What people don’t know is his story. His story makes it even more remarkable that he is so wonderful, as he has absolutely no reason to be so cheerful and positive. Craig was married to the love of his life for many years. Karen was the barn manager at a local barn, and owned a special draft cross mare named Tsunami. They had one child, a son, who became a talented and capable sound engineer in Boston after attending college there. They had a wonderful family life. Craig was the volunteer scorer for the many horse shows that the barn put on. Karen was the show secretary and announcer. What a team they were! They were beloved by all who knew them.

One fateful day eight years ago, Karen had a seizure while working at the barn. She had a congenital kidney disease that threatened her health, and sometimes caused seizures. She was airlifted to the hospital in Boston, never to recover. Craig had to make the horrible decision to take her off life support, and she passed away peacefully. It was devastating. Unfortunately, more tragedy was in store for Craig. He subsequently lost his son as well, leaving him alone with his whole family just simply gone. It was a scenario that no one can imagine facing, and shouldn’t have to face. Every day my heart breaks for him that he can’t see, talk to and love the two most important people in his life.

Craig inherited his wife’s horse when she passed away. Tsunami (“Nami”) became Craig’s solace. They would go on walks, he would take care of her, and shared her with many riders at the barn. He didn’t know much about horses, but threw himself into learning. Craig eventually decided that he would learn how to ride Nami, with expert instruction from Mary Ann Davis at his barn. He has done a tremendous job learning. Most of us learned to ride as kids, when falling off didn’t matter and we bounced back. Craig was learning in his late 40s! His falls hurt more, and he even broke his leg in four places in one fall, requiring surgery and plates. Did he give up? Nope! He recovered and picked back up where he left off. He rides dressage, and hopes someday to learn how to jump.

He has educated himself about eventing, and loves to accompany me to every show to help and cheerlead. He has dried my tears, mucked my stalls, and celebrated when we had our modest successes. He is always there, and our horses have brought us even closer. I couldn’t ask for a more fun, funny and loving companion on this crazy roller coaster we call eventing. I am so thankful the universe brought him to me, and I can’t say enough about what an amazing human being he is.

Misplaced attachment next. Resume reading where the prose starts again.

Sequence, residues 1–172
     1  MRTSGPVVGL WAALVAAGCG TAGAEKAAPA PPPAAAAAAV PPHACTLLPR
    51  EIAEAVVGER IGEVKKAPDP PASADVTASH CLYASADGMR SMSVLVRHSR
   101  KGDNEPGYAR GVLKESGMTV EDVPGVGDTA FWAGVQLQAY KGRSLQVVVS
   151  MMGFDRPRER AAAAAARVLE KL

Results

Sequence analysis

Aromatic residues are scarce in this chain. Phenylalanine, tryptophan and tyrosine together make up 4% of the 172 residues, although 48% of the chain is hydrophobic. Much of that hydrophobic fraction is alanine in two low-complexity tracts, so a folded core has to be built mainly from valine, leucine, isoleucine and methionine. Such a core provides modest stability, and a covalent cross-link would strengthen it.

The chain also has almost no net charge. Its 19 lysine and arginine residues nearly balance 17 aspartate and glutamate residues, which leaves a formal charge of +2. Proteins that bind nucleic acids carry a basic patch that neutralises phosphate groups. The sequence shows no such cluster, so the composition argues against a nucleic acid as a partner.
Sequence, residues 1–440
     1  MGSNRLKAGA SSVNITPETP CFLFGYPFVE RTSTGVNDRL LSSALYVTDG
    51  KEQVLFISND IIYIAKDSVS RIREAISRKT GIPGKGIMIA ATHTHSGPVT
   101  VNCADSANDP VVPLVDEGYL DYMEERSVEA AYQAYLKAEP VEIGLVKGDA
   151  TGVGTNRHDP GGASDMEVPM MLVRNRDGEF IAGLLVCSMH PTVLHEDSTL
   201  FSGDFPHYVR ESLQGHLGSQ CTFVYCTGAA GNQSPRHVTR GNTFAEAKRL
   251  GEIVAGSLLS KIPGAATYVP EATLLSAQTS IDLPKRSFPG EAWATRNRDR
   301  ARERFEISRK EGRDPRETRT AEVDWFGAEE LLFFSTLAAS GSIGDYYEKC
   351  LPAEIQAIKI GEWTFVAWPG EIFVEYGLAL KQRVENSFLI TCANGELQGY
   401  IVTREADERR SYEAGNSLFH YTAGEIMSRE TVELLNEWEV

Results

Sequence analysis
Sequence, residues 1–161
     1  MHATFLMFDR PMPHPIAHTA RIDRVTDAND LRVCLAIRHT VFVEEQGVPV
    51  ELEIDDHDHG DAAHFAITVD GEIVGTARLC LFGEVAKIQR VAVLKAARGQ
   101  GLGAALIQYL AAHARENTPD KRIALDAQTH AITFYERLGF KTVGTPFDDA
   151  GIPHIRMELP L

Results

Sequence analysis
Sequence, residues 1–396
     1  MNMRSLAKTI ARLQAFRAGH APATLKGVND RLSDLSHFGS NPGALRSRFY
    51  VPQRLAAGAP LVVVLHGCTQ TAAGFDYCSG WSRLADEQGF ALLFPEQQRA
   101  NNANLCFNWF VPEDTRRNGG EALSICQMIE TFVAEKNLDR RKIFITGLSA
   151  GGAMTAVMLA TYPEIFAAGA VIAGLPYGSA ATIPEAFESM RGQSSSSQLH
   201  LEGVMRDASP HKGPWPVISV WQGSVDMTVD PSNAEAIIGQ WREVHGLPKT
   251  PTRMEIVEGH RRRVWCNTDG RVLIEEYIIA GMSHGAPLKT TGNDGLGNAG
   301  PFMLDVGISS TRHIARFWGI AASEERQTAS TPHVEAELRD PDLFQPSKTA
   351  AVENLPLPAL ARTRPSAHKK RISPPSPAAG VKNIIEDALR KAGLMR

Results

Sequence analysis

In the end, it’s not about what we own, how much money we make, or how successful we are. It’s about connection and love. I am so lucky that Craig chose me and to have him in my life. I hope my story resonates with readers, and helps them appreciate the Craigs in their lives. We couldn’t do this sport alone, and having a community of supportive folks is so important. I know that the support of all of our eventing friends keeps Craig afloat in the dark times, and I want to say that I am thankful to all of you for your friendship, kindnesses, and love.

Happy Thanksgiving, and go eventing. With your besties. Stay grateful.

World Equestrian Brands Thanksgiving Challenge: And the Winner Is…

What are you thankful for this year? That’s the question we asked EN readers for the 2018 Thanksgiving Challenge from World Equestrian Brands, and your responses were numerous and heartfelt.

One entry in particular jumped out to EN’s chinchilla judging squad: Julie Howard’s “Ode to the Adult Rider Program.” The USEA Adult Rider Program, in all its various area incarnations, deserves all the praises we can sing unto it — plus we’re a sucker for a cheeky rhyme. Our winner will receive a custom E.A. Mattes Square or Eurofit Sheepskin pad in her choice of dressage or all purpose style and with two piping colors. This amazing prize (retail value: $330) is made possible thanks to our friends World Equestrian Brands.

Over the holiday weekend, we are honored to share all of your special stories of thanks. We’re thankful for YOU. Go Eventing. 

Julie Howard with Missy Alaimo volunteering at GMHA H.T. and getting points for their teams: “The ARP is all about friendship and good competitive fun!” Photo courtesy of Julie Howard.

Ode to the Adult Rider Program

‘Twas the night before Thanksgiving and all through the barn
I’m thinking of things I’m thankful for, so I’ll spin you a yarn
Yes, it’s cold up here in ol’ Area 1
But all that it means is that we pack in the fun!
It’s a short season but we love it because of our mates
Both four legged and two legged and ones behind gates
We are blessed with the Adult Rider Program for oldies like me
Suzanne Adams runs a wonderful program and we participate with glee